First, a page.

Bigotry is back in style. All of a sudden, such words as “Christian,” “religious” and “fundamentalist” have become trendy epithets of scorn and smear, obviously calculated to stir up hatred, division and fear.
Where, oh where, are the people who, for the last several years, have been preaching the Holy Commandments of “tolerance,” “diversity,” “nonjudgmentalism,” “multiculturalism,” and “Big Tent”? They seem to have gone under a rock somewhere, while Christian-bashing has stormed into fashion.
Three disparate groups have joined the assault, each seeking its separate political goal. And, of course, the media find it exciting to report; it stirs the juices, and groups can be baited to make critical comments back and forth in 20-second soundbites.
As chairman of the Democratic Congressional Campaign Committee, Rep. Vic Fazio’s (D-CA) assigned task is to elect Democrats to Congress in the November elections. Having pondered the impending loss of 25 to 50 Democratic seats, plus the inadvisability of debating Clinton’s agenda or behavior, he decided he would rather fight a strawman.
So Fazio called a news conference and unleashed a vitriolic attack on the “fire breathing Christian radical right.” That started an orchestrated smear campaign.
Democratic consultant Mark Mellman launched his own broadside against “card carrying members of the flat earth society.” The White House Bulletin quoted one Administration official as characterizing the involvement of Christians in politics as “a cancer in the Republican Party.”
Democratic Party Chairman David Wilhelm chimed in, saying that the GOP is “under the sway of radical Christian conservatives.” The New York Times laced its news reports with charges that “fervent Christians” and “foot soldiers of fundamentalism” are “retrograde forces.”
Joycelyn Elders’s intemperate outbursts are probably not orchestrated by anyone. She’s always been a loose cannon. During her tenure in Arkansas, she demonized her opponents as “very religious non-Christians” and the Catholic Church as the “celibate male dominated church.” She says Clinton “loves” what she is doing.
The second group that has joined the sport of Christian-bashing is the liberal, country-club Republicans who were left in the shadows during the Reagan years and are now trying to take control of the Republican Party away from the conservatives. Since the Republican liberals don’t have enough warm bodies to win Party primaries or conventions, they prefer to fight Party battles in the media. The liberal Republicans would rather lose with their own nominees than allow conservatives to win. Liberal Republicans are the kind of people who switched to support Lyndon B. Johnson rather than allow Barry Goldwater to be elected President.
The new voters who have come into the Republican Party because of moral and social issues are the principal reason why Republicans have won so many elections. Republican candidates lost big-time in the years when the so-called Religious Right wasn’t around to help; e.g., in Barry Goldwater’s 1964 race and Gerald Ford’s 1976 race.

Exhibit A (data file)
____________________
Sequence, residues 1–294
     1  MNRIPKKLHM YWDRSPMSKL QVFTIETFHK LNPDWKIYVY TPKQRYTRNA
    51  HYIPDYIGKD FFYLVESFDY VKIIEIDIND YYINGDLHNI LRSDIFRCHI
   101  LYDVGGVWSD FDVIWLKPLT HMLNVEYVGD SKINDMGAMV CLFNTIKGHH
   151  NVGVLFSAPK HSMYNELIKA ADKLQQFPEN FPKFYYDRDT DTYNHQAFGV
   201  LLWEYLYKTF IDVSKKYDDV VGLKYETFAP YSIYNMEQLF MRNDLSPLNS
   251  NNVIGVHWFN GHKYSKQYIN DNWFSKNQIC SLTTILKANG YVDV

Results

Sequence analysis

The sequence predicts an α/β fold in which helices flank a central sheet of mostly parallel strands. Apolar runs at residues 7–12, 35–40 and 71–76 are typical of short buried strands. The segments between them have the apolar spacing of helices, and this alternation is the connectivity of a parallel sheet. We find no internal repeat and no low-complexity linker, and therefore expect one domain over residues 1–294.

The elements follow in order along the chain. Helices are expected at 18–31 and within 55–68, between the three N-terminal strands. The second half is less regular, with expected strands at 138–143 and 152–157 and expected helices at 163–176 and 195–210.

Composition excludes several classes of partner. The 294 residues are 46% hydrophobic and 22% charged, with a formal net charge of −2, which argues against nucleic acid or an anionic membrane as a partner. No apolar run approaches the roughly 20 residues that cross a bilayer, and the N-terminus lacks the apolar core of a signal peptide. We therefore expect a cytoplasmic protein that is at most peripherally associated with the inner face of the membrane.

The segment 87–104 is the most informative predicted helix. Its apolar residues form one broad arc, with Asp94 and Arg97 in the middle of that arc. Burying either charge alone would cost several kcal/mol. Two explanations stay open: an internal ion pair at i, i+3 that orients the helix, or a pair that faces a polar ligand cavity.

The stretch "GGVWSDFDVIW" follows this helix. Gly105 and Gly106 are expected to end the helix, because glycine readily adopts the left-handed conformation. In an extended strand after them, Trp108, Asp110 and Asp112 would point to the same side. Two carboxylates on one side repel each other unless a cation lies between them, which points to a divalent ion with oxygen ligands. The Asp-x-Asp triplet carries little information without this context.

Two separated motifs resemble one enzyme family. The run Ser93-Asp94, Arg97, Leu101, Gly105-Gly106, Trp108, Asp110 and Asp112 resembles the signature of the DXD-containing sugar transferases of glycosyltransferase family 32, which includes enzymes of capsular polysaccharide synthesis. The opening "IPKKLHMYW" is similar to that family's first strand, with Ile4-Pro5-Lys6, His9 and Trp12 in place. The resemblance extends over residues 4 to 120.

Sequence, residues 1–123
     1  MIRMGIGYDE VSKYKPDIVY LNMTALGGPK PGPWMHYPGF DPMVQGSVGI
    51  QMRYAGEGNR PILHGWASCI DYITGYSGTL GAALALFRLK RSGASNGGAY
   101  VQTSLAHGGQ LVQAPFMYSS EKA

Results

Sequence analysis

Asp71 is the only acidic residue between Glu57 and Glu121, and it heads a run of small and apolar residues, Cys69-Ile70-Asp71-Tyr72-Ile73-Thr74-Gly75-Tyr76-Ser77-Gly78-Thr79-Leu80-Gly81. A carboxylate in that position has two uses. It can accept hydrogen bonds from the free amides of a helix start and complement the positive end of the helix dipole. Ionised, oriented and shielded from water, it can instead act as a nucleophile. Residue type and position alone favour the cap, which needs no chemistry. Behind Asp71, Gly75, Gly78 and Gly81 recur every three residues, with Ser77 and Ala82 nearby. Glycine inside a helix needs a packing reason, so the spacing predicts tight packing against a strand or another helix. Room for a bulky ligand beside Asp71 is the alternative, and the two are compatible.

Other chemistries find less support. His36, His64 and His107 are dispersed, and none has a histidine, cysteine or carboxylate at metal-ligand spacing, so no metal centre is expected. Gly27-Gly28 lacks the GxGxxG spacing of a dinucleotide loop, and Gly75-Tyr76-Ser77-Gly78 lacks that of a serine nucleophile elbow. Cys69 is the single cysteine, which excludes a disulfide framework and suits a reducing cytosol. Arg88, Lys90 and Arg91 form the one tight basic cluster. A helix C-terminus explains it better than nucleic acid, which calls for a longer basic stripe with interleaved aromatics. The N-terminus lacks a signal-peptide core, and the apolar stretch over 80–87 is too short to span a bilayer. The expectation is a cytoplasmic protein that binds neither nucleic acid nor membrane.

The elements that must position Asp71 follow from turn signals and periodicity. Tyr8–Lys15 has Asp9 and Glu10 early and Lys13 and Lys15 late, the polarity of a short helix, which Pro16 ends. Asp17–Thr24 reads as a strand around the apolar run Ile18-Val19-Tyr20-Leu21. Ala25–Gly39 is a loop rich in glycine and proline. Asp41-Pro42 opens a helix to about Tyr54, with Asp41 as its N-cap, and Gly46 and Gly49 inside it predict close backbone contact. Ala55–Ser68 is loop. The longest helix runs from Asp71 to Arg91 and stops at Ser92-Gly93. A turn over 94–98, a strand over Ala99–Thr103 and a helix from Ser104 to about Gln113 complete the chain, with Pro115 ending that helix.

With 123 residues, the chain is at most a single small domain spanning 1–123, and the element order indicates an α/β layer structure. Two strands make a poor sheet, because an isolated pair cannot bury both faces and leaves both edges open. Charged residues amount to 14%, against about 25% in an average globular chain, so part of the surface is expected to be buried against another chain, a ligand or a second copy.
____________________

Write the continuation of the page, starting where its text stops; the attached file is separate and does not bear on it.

The third leg of the Christian-bashing cabal is the group that hates Christians and wants to push them completely out of public, political and commercial life. Essentially, their game plan is to treat Christians like our society has begun to treat smokers.
This means that Christians will be tolerated so long as they don’t mention anything about religion in any public, party or school gathering. The aim is to make Christians embarrassed to admit, much less profess, their faith in public, and reduce them to the status of smokers catching a quick smoke in a dark alley.
This aggressive secularist drive is the explanation for the Clinton Administration’s proposed EEOC guideline banning from the workplace as “discrimination” even the simplest expression of religion, such as wearing a cross or bringing a Bible to work. Fortunately, this malicious proposal was repudiated by Congress.
Prior to the mid-1970s, the party apparachiks could safely ignore Christians because the percentage of church-going Christians who voted was too small to appear on the radar screen of party officials and campaign consultants. The emergence of the pro family movement, starting in 1975, changed all that, and machine-building politicians of both parties resent the entry into the political process of blocs of voters they can’t control and can’t buy.
Thus, demonizing Christians serves the political goals of all three factions: the Democrats who are desperately trying to win the 1994 elections, the liberal Republicans who seek to take over the Party and reduce conservatives to peons who provide the votes but never select the nominees, and the aggressive secularists whose goal is to put religion in the closet and pretend it doesn’t exist except in private.
It’s in the best interests of all Americans to identify and repudiate this systematic campaign of bigotry and epithets directed against Christians and religious conservatives. Political campaigns should be about issues and the candidates, not about roasting religion.